• The benchmark evaluates models from Google and OpenAI, among others, using dense and sparse transformer architectures against a human expert baseline, focusing on performance, calibration, bias, and robustness.

  • Key findings include the correlation of performance improvement with model scale, sensitivity to task framing, the amplification of social biases in larger models, and underperformance in tasks involving low-resource languages.

  • The insights from BIG-bench inform future research directions in model calibration, bias mitigation, development of robust models, exploration into architectures, and inclusivity in data representation.

Introduction

The capabilities of language models (LMs) evolve rapidly, continually setting new benchmarks that challenge our understanding of AI's potential. The introduction of the Beyond the Imitation Game (BIG-bench) benchmark seeks to address critical gaps in existing benchmarks for language models. BIG-bench stands out through its extensive inclusion of 204 diverse tasks spanning various domains such as linguistics, mathematics, commonsense reasoning, and even tasks like code debugging and chess move prediction. It aims to quantify model behaviors both qualitatively and quantitatively, offering a novel insight into the capabilities and limitations of modern language models across a broad spectrum of parameters.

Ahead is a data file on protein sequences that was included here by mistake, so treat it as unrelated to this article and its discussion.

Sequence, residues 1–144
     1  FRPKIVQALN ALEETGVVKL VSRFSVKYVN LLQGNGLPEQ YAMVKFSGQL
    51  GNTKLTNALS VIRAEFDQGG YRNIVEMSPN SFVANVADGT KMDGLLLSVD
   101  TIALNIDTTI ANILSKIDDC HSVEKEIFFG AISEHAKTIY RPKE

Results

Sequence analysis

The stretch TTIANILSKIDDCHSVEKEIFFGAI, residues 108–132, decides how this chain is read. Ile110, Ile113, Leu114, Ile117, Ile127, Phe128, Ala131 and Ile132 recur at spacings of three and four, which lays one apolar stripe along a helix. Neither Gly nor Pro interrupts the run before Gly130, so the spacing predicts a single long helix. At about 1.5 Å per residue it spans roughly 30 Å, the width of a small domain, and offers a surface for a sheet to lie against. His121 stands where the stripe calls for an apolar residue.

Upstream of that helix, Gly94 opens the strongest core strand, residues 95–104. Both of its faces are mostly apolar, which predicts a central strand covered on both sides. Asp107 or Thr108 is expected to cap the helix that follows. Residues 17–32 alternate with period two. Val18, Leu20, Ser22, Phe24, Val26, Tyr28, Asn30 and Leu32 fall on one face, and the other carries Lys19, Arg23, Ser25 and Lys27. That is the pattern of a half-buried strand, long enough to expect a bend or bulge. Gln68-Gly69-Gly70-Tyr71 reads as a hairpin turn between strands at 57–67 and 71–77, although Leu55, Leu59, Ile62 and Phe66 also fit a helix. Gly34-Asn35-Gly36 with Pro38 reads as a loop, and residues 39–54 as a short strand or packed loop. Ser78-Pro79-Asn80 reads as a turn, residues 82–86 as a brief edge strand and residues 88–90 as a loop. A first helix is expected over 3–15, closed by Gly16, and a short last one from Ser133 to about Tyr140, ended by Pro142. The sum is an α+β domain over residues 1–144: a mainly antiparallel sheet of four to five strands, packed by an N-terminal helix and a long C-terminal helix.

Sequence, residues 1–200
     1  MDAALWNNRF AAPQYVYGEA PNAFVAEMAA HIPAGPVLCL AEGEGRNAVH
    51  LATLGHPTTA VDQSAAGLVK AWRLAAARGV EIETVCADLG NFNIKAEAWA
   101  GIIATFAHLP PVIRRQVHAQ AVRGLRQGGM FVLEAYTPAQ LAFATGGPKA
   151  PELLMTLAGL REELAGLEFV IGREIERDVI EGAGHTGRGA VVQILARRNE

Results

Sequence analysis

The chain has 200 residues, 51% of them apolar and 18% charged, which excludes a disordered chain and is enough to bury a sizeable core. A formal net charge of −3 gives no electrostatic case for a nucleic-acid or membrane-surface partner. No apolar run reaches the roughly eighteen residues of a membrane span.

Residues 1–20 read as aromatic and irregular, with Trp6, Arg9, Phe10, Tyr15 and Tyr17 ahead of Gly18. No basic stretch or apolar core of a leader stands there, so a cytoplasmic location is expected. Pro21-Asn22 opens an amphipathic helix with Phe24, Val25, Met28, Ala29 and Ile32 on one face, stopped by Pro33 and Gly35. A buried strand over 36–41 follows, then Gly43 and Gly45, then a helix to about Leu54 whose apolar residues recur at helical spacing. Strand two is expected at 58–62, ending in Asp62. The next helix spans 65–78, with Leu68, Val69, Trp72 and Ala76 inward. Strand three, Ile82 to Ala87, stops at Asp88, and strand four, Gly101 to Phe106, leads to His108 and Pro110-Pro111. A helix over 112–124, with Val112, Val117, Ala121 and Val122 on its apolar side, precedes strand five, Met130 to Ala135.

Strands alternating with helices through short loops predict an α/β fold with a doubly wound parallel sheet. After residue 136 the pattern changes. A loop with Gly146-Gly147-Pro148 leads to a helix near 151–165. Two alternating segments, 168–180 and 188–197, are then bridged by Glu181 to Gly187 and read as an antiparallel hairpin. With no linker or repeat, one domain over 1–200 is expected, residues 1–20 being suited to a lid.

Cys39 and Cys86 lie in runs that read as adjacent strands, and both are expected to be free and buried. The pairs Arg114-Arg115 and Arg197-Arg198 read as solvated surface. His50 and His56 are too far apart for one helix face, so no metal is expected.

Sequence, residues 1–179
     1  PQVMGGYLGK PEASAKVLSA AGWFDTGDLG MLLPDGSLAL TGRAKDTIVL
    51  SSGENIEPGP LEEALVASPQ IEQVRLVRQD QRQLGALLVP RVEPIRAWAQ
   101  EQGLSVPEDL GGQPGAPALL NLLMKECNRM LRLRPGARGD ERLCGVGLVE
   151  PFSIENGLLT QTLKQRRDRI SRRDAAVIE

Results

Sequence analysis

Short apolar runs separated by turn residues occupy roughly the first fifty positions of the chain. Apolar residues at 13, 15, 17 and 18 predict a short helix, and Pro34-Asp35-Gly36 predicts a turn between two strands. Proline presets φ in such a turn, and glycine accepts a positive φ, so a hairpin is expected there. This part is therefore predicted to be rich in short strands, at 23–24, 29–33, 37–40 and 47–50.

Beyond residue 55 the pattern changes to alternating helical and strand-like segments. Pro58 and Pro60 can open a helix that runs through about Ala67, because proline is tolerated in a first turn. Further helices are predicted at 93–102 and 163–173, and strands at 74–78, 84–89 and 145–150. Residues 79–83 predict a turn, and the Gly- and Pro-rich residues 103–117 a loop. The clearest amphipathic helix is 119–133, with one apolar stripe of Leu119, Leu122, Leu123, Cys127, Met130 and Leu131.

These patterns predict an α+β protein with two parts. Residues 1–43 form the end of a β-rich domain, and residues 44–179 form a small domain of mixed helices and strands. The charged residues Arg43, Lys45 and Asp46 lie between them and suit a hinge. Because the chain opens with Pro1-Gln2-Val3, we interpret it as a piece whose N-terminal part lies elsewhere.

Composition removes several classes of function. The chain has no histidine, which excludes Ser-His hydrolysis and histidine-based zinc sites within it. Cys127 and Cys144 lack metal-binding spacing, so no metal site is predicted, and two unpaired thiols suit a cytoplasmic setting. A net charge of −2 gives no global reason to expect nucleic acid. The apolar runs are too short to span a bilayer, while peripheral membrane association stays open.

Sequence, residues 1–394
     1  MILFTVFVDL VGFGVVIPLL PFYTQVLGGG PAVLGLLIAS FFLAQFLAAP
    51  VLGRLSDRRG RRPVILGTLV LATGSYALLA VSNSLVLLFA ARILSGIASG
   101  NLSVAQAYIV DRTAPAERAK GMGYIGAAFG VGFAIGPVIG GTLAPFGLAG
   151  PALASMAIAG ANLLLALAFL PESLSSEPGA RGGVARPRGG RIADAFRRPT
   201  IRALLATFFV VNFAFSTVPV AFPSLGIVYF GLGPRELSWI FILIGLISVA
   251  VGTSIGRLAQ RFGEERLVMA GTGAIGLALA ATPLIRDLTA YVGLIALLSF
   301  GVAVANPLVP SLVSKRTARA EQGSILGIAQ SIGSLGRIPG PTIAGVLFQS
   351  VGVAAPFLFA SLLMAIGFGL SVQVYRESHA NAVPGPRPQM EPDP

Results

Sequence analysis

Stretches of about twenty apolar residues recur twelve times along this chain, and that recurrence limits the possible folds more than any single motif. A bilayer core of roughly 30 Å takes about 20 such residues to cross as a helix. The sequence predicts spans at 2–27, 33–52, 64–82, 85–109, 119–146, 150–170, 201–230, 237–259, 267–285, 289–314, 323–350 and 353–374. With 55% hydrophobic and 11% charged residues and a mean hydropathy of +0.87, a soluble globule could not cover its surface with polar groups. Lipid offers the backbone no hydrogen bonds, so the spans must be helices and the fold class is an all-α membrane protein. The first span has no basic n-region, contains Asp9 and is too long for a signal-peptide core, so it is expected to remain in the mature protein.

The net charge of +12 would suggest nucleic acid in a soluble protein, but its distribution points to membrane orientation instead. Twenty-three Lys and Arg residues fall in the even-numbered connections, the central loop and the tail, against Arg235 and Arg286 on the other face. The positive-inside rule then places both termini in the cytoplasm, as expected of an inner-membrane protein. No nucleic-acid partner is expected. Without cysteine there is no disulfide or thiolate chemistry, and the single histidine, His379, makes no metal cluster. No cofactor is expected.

Evaluation Methodology

The paper reports on evaluations conducted across models of varying complexities, including those from Google and OpenAI that range from millions to hundreds of billions of parameters. Notably, these evaluations include the use of dense transformers and sparse transformer architectures. The benchmark also incorporates a human expert baseline to provide context for the model's performance. In doing so, BIG-bench contributes significantly to the discourse on LM capabilities by not just focusing on task performance but also on the models' calibration, bias, and robustness to task presentation.

Key Findings and Implications

Performance Trends and Task Breakthroughs